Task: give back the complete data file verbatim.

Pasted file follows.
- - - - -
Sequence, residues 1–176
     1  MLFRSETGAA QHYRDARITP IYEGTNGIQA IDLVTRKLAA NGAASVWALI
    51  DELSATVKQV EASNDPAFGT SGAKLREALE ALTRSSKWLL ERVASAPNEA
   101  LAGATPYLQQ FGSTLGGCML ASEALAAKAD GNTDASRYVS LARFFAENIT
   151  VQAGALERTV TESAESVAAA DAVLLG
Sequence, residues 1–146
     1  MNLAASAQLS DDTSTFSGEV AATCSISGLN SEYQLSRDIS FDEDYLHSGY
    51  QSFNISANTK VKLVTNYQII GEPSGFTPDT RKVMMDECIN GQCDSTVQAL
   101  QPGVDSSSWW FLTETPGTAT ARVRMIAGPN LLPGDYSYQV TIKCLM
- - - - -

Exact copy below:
Sequence, residues 1–176
     1  MLFRSETGAA QHYRDARITP IYEGTNGIQA IDLVTRKLAA NGAASVWALI
    51  DELSATVKQV EASNDPAFGT SGAKLREALE ALTRSSKWLL ERVASAPNEA
   101  LAGATPYLQQ FGSTLGGCML ASEALAAKAD GNTDASRYVS LARFFAENIT
   151  VQAGALERTV TESAESVAAA DAVLLG
Sequence, residues 1–146
     1  MNLAASAQLS DDTSTFSGEV AATCSISGLN SEYQLSRDIS FDEDYLHSGY
    51  QSFNISANTK VKLVTNYQII GEPSGFTPDT RKVMMDECIN GQCDSTVQAL
   101  QPGVDSSSWW FLTETPGTAT ARVRMIAGPN LLPGDYSYQV TIKCLM